Yes, Renting Chickens is a Real Thing


Photo courtesy of Rent-A-Chicken

Photo courtesy of Rent-A-Chicken

As the local food movement spreads across America, community gardens and farms have sprung up in urban and suburban communities throughout the United States. Individuals and families lacking private green space can rent a garden or volunteer to farm a plot of land in exchange for fresh, locally grown vegetables, fruits, flowers, and herbs. Apparently, the farming experience doesn’t end there.

According to an article in the New York Times, several backyard-chicken rental businesses have cropped up in states across the country and have joined what many have referred to as the “sharing economy.” One of these businesses, Rent the Chicken, was launched earlier this year in western Pennsylvania by Phil and Jenn Tompkins. For $350, Rent the Chicken will deliver a pair of egg-laying hens, a coup, a supply of food, and a water dish to customers for a rental period typically lasting from May through November.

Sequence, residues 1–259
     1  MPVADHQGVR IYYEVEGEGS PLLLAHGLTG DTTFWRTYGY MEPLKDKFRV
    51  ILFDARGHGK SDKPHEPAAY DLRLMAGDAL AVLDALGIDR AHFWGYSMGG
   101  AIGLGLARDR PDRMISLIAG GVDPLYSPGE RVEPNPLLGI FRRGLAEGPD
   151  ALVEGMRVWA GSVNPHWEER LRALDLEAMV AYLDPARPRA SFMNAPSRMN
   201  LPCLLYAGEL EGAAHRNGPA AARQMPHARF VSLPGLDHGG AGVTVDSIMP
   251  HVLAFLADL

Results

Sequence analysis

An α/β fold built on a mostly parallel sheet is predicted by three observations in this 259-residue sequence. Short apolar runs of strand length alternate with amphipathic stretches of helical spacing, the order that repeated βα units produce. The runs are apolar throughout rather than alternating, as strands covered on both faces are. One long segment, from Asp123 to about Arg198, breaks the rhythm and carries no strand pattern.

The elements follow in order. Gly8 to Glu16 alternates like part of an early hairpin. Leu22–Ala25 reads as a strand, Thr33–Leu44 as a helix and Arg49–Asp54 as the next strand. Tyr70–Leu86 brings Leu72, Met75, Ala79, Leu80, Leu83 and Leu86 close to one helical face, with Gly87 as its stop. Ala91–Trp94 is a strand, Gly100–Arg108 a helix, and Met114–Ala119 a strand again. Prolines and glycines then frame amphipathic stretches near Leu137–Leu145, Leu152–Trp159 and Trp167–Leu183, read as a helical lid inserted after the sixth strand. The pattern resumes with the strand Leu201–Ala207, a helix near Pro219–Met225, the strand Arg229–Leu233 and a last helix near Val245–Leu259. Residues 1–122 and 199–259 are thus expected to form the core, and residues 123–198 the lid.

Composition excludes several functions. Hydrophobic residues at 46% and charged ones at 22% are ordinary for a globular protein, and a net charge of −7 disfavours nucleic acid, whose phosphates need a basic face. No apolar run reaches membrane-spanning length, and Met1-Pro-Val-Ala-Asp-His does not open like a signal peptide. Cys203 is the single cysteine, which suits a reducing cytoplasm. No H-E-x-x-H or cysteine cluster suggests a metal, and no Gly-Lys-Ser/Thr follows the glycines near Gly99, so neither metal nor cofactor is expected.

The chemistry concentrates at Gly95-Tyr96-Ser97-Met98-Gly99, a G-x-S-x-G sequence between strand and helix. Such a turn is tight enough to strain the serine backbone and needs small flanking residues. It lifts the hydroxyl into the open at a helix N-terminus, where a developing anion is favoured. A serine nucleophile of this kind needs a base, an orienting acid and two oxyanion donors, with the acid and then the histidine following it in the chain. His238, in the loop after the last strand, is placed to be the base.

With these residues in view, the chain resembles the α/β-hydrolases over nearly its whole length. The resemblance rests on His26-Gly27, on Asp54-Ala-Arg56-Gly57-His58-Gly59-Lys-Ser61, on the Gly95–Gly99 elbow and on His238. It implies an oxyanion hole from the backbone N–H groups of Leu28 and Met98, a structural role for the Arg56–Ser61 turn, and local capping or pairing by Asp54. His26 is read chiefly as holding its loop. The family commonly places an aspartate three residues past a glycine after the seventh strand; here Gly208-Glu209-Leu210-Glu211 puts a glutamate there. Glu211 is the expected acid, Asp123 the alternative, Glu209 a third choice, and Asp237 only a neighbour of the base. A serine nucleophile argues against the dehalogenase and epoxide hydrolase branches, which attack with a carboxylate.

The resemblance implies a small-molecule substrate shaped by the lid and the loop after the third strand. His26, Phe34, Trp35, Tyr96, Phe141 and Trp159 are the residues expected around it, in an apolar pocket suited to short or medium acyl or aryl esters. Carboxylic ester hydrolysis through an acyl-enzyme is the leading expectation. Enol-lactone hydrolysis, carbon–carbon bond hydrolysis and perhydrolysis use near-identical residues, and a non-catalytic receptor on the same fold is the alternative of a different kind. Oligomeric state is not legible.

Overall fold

Another, Rent-A-Chicken in Traverse City, Michigan, was founded in 2009 to help smooth the transition from amateur chicken owner to professional. The founders of the company saw that many new to chicken-rearing were accidentally buying rooster chicks or jumped in before understanding what the hobby entails.

Although a summerlong rental will likely cost an individual more than simply building a coop and buying a pair of chicks from a feed store, the owners of these company’s agree that the experience and knowledge gained through renting is invaluable. Despite the large volume of information on the subject out there, they’ve found that customers benefit the most from having someone there to answer their questions and talk them through the process. So what happens once the rental period ends? Customers have the option of purchasing the chickens for about $20 apiece. Unless of course they chicken out.

Find more information on chicken rentals in “Holy Flock! You Can Rent Chickens??”

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